www.nettime.org
Nettime mailing list archives

<nettime> digesting regulating destructing [x3: recktenwald, newmedia, h
nettime's_epicyclical on Fri, 29 Dec 2006 22:45:18 +0100 (CET)


[Date Prev] [Date Next] [Thread Prev] [Thread Next] [Date Index] [Thread Index]

<nettime> digesting regulating destructing [x3: recktenwald, newmedia, holmes]


Re: <nettime> Michael Malone : Regulating Destruction
     Heiko Recktenwald <uzs106 {AT} uni-bonn.de>
     Newmedia {AT} aol.com
     Brian Holmes <brian.holmes {AT} wanadoo.fr>

- - - - - - - - - - - - - - - - - - - - - - - - - - - - - - - - - -
- - - - - - - - - - - - - - - - - - - - - - - - - - - - - - - - - -
    
Date: Fri, 29 Dec 2006 14:15:32 +0100
From: Heiko Recktenwald <uzs106 {AT} uni-bonn.de>
Subject: Re: <nettime> Michael Malone : Regulating Destruction

> Who cares about the "Californian Ideology" today? <g>

We should. What is "Web 2.0"?

H.

- - - - - - - - - - - - - - - - - - - - - - - - - - - - - - - - - -

From: Newmedia {AT} aol.com
Date: Fri, 29 Dec 2006 09:15:07 EST
Subject: Re: <nettime> Michael Malone : Regulating Destruction

H./Brian:
 
>> Who cares about the "Californian Ideology" today?  <g>
> >

> We should. What is "Web  2.0"?

Not Web 1.0.  But how are they different?
 
> The question raised by Mark Stahlman, as to whether all this signifies  a 
> turn away from financialization and the beginning of a new industrial  
> cycle of the kind described by Carlota Perez, is pretty uncertain imho.  

My point -- echoing Ms. Perez -- is that we have entered the second half of
the "Long Wave" economic cycle associated with semiconductors.  The
Bubble/Crash phenomenon punctuates these Long Waves as speculators and an
impatient public get worked up into a frenzy -- pushing everything to the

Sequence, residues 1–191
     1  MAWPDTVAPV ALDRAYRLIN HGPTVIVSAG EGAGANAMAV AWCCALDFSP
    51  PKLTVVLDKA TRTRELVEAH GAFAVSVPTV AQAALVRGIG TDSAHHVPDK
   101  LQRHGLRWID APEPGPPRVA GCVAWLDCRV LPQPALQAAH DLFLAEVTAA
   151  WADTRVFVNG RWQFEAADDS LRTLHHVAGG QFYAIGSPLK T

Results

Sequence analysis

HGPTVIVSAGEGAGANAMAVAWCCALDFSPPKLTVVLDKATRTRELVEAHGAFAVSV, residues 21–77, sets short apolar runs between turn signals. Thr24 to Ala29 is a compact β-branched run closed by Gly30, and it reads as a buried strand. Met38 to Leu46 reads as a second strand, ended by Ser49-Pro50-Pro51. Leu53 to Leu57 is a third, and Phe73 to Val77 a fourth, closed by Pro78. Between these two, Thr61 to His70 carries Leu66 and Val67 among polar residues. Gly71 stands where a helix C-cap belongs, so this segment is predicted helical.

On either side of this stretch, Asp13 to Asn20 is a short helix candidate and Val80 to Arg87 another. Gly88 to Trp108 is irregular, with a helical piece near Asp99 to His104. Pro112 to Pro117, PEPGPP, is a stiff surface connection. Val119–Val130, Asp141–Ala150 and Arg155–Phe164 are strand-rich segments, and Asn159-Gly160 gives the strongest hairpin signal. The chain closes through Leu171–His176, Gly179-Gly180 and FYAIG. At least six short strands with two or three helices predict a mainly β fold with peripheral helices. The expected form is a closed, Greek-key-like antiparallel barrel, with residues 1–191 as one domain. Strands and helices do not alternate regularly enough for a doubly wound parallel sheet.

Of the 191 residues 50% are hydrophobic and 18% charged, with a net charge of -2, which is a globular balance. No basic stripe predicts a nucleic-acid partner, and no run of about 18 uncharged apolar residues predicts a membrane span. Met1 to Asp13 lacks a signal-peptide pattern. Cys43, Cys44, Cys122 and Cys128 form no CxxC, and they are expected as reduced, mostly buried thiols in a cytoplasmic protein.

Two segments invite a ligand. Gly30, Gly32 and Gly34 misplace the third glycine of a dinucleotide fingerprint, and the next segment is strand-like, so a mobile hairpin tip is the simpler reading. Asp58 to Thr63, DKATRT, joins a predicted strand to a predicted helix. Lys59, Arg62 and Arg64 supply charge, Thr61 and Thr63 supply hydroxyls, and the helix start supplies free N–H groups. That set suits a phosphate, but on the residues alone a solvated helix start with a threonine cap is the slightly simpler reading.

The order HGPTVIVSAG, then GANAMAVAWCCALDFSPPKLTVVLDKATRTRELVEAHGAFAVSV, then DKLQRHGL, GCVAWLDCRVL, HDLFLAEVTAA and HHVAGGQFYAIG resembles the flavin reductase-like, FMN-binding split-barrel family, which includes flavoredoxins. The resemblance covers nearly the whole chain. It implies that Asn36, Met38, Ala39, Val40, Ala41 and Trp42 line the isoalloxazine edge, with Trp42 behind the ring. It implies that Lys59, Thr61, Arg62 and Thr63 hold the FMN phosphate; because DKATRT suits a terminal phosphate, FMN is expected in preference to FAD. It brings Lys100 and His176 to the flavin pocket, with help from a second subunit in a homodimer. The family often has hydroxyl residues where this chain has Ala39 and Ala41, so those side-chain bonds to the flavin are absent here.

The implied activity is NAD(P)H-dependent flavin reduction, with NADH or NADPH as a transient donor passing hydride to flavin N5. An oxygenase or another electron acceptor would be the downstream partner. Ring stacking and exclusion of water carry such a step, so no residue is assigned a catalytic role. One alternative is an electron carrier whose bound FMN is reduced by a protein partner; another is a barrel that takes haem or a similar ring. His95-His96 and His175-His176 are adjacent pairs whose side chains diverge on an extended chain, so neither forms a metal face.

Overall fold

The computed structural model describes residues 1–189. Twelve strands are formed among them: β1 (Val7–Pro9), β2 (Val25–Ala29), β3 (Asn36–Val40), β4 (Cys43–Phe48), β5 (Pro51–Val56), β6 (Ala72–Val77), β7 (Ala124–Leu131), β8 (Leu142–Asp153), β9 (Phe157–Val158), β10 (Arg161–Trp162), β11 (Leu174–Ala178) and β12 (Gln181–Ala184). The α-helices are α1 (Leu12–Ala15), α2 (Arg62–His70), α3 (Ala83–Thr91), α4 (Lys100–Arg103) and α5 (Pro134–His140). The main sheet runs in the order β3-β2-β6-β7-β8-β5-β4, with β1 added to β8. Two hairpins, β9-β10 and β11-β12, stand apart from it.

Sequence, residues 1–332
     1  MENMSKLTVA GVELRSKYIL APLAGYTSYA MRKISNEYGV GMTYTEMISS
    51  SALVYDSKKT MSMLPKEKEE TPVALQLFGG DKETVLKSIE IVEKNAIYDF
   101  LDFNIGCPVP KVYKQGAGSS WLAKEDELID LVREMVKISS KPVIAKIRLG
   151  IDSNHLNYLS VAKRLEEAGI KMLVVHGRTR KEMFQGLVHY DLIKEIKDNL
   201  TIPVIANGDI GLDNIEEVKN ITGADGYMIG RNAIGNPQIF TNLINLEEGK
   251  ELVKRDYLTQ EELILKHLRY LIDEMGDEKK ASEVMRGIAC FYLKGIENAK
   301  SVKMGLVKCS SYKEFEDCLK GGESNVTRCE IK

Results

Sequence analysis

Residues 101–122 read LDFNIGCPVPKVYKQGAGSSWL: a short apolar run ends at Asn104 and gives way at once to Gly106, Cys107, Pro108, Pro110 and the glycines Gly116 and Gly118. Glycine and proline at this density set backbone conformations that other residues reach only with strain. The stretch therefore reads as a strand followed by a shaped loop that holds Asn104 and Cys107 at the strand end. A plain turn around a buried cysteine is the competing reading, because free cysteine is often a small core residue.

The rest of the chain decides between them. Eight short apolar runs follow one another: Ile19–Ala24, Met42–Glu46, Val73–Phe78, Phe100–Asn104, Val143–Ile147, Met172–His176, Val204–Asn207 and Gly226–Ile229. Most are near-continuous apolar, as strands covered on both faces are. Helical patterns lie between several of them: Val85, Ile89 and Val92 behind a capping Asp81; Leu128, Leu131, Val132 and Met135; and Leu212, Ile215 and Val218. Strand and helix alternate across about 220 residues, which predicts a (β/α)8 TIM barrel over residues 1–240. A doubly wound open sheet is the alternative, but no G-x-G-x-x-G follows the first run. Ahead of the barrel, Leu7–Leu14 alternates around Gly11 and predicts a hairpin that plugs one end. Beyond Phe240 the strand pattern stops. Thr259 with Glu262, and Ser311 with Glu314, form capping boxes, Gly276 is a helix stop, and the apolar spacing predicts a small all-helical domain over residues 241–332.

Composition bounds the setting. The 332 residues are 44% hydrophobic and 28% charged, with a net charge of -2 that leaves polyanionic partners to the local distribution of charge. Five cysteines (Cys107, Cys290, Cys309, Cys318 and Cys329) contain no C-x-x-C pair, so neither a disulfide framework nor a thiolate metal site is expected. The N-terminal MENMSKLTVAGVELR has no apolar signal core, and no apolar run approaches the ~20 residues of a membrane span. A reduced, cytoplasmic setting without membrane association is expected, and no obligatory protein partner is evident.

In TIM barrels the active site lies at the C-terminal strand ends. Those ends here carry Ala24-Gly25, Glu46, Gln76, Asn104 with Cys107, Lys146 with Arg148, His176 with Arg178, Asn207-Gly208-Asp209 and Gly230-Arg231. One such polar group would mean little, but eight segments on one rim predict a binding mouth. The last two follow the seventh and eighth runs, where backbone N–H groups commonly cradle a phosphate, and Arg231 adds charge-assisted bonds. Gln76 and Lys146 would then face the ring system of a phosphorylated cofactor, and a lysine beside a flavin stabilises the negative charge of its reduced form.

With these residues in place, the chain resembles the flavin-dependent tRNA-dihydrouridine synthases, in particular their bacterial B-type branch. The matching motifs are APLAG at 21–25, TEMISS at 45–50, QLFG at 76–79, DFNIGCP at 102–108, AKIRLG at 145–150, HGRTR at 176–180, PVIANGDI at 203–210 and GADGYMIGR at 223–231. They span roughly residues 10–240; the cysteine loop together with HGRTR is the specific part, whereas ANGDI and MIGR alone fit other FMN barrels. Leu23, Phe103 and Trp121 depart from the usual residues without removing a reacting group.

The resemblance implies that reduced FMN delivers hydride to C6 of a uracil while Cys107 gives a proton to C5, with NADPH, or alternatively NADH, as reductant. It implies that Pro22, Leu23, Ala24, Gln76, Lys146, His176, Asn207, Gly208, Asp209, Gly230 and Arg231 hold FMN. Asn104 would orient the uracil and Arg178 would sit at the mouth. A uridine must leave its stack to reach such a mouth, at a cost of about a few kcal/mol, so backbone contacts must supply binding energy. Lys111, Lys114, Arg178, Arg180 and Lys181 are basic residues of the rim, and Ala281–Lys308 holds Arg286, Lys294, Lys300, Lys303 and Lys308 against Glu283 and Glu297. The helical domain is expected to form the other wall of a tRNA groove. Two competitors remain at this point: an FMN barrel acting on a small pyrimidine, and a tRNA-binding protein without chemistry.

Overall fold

extreme that must collapse.  
 
What we went through in the 90's isn't the "end" of the cycle, it's the
middle.  As Perez describes it, "Synergy" (and a sort of "Gided Age")  follows
the Frenzy and, ultimately, this leads to maturing of what she terms the  
"Techno-Economic Paradigm" (TEP.)
 
Today we are in the equivalent of the 1950's.  Semis are the new  oil, "War on
Terror" is the new "Cold War," YouTube is the new BoobTube and P.  Diddy is the
new Frank Sinatra (yes, Eminem is the new Sammy Davis, Jr.).
 
Malone's point is that Silicon Valley has far too much money and nothing to  do
with it.  As someone who has spent many years working in venture capital  and
as a securities analyst (and briefly as an investment banker), I can assure you
that "financialization" of the ICT industry is over.  Dead and  over.  Too bad
for Mr. Malone.
 
He can rattle on forever about "regulation" but it won't change the  facts.
The next opportunity for a speculative bubble based on a  new TEP -- which,
btw, will be driven by "Molecular Manufacturing" -- will  not come for a long
time.  I'll be dead by then.  So will many of  you.
 
But don't be too upset.  There is another development that you might  enjoy!
 
What follows the "50's" (i.e. now) is the "60's."  Right?
 
You will know when the semiconductor TEP is mature when we start to notice  a
groundswell of the next COUNTER-CULTURE.
 
Just as the "first" Counterculture flourished in the 1900's (in places like
Munich, Zurich and Ascona, as documented by Martin Green) following the earlier
steel-based TEP Gilded Age and just as our very own Counterculture (i.e.  the
1960's -- DRUGS, SEX and ROCK&ROLL) followed the maturing of the
Oil/Auto/Plastic/Pharma/Mass-Media-based TEP, there will certainly be a
semiconductor-based TEP Counterculture.
 
Just what the CULTURE which this development will be "counter" to, however,  
shall remain a topic for another thread and another time.
 
Happy New Year!
 
Mark Stahlman
New York City

- - - - - - - - - - - - - - - - - - - - - - - - - - - - - - - - - -

Date: Fri, 29 Dec 2006 19:01:02 +0100
From: Brian Holmes <brian.holmes {AT} wanadoo.fr>
Subject: Re: <nettime> Michael Malone : Regulating Destruction

Hello Mark -

And happy New Year to you too!

> What we went through in the 90's isn't the "end" of the cycle, it's the 
> middle.  As Perez describes it, "Synergy" (and a sort of "Gided Age") 
> follows the Frenzy and, ultimately, this leads to maturing of what she 
> terms the "Techno-Economic Paradigm" (TEP.)
>  
> Today we are in the equivalent of the 1950's.  Semis are the new oil,